Refractory products have a large carbon footprint and represent a significant cost factor in steel production. Therefore, the declared aim is to increase the durability of refractory products.
Knowledge of the corrosion behavior of refractory components in different slags is therefore essential and the reliable and correct determination of parameters of wear is particularly important. Within the scope of this project, an accurate and reliable determination of diffusion coefficients of refractory components in slags could be developed. For this purpose, two different measuring methods were used: a novel corrosion test and particle dissolution tests.
For corrosion testing at temperatures up to 1550°C a new testing device (Continuous Wear Testing Device - CWTD) has been developed. An inspection window in the furnace enables the integrated laser measurement system to automatically measure the entire 3D specimen surface at test temperature. This renders the measuring system new and unique and provides more accurate and complete data compared to the usual manual measurement of the corroded samples in the cooled state. Based on the results of these experiments coupled with computer simulations, it is possible to determine the diffusion coefficient of the examined refractory/slag system, a parameter that is significant for corrosion and an important input parameter for the computer-aided design of the lining of industrial aggregates.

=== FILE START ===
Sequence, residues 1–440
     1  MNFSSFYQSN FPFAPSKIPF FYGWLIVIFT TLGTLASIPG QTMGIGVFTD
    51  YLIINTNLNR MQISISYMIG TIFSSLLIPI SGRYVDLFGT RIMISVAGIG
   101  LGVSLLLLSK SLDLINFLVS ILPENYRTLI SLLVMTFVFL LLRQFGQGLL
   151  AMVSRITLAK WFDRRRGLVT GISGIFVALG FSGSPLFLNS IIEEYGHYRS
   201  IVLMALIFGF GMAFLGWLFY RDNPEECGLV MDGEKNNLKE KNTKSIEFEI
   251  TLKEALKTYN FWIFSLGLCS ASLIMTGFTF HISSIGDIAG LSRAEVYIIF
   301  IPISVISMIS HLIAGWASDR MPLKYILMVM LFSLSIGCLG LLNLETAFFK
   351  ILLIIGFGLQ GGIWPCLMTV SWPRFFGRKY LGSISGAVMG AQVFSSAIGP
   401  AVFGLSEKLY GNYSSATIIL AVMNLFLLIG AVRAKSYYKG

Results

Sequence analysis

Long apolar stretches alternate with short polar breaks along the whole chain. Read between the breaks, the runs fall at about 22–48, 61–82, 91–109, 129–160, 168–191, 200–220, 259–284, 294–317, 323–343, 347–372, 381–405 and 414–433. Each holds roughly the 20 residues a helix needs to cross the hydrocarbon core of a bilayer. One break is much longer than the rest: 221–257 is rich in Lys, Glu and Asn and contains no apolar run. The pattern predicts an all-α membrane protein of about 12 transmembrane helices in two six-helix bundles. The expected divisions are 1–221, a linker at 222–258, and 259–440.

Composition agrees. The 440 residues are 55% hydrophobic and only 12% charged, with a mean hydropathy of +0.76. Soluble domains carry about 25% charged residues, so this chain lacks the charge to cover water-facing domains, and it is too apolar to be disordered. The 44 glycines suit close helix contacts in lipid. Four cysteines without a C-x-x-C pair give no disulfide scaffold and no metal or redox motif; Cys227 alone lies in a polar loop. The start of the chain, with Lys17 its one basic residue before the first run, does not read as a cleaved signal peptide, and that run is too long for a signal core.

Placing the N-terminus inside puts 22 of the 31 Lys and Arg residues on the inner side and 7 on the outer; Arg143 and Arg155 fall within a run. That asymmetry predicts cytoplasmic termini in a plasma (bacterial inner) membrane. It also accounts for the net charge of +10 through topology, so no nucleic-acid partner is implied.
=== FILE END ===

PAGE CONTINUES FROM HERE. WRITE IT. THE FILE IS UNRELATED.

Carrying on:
For validation, the diffusion coefficient was also determined from particle dissolution experiments. Thereby, the influence of the during the dissolution moving solid/liquid boundary was taken into account which leads to a more correct determination of the coefficient values. Comparable diffusion coefficients result from both experiments.
Effects and impacts
The research activities in this project have made it possible to correctly and reliably determine diffusion coefficients of refractory components in slags. The accurate determination of characteristics for the wear of refractory materials is an essential part of the know-how and provides the basis for the design and development of improved materials.
In 2020, the market for refractory building materials was valued at around 50 million tons worldwide, with approximately 1.82 tons of CO2 emitted per ton. This shows the potential of material improvements and durability extensions to make high-temperature processes more cost-efficient, emission-reduced and resource-saving in terms of raw material consumption and waste production.
Project coordination (Story)
Dr. Sandra Vollmann
Chair of Ceramics
T +43 (0) 3842 402-3244
IC-MPPE / COMET-Zentrum
Materials Center Leoben Forschung GmbH
T +43 (0) 3842 45922-0
• RHI Magnesita GmbH, Austria
• voestalpine Stahl GmbH, Austria
• voestalpine BÖHLER Edelstahl GmbH & Co KG, Austria
• Montanuniversität Leoben, Austria